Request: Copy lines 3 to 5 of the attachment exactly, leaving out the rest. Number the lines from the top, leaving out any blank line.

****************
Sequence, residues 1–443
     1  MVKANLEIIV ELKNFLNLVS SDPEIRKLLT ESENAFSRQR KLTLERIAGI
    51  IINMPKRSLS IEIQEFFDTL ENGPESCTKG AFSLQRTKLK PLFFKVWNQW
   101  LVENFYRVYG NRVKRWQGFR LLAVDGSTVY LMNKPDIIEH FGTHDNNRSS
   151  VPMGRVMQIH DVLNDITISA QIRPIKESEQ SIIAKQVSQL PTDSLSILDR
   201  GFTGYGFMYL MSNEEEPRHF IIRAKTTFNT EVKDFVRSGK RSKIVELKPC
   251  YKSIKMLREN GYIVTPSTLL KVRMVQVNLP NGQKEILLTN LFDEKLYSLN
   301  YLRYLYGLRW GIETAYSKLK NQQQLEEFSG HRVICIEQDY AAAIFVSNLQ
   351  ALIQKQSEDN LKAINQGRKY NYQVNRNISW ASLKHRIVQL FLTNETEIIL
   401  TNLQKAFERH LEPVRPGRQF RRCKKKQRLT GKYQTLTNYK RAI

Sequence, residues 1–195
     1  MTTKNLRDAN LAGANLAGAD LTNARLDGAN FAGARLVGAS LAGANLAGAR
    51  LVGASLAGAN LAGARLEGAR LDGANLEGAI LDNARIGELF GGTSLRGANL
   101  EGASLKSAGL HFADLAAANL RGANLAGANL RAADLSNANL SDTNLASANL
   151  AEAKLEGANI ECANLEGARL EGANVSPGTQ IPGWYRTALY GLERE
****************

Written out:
    51  IINMPKRSLS IEIQEFFDTL ENGPESCTKG AFSLQRTKLK PLFFKVWNQW
   101  LVENFYRVYG NRVKRWQGFR LLAVDGSTVY LMNKPDIIEH FGTHDNNRSS
   151  VPMGRVMQIH DVLNDITISA QIRPIKESEQ SIIAKQVSQL PTDSLSILDR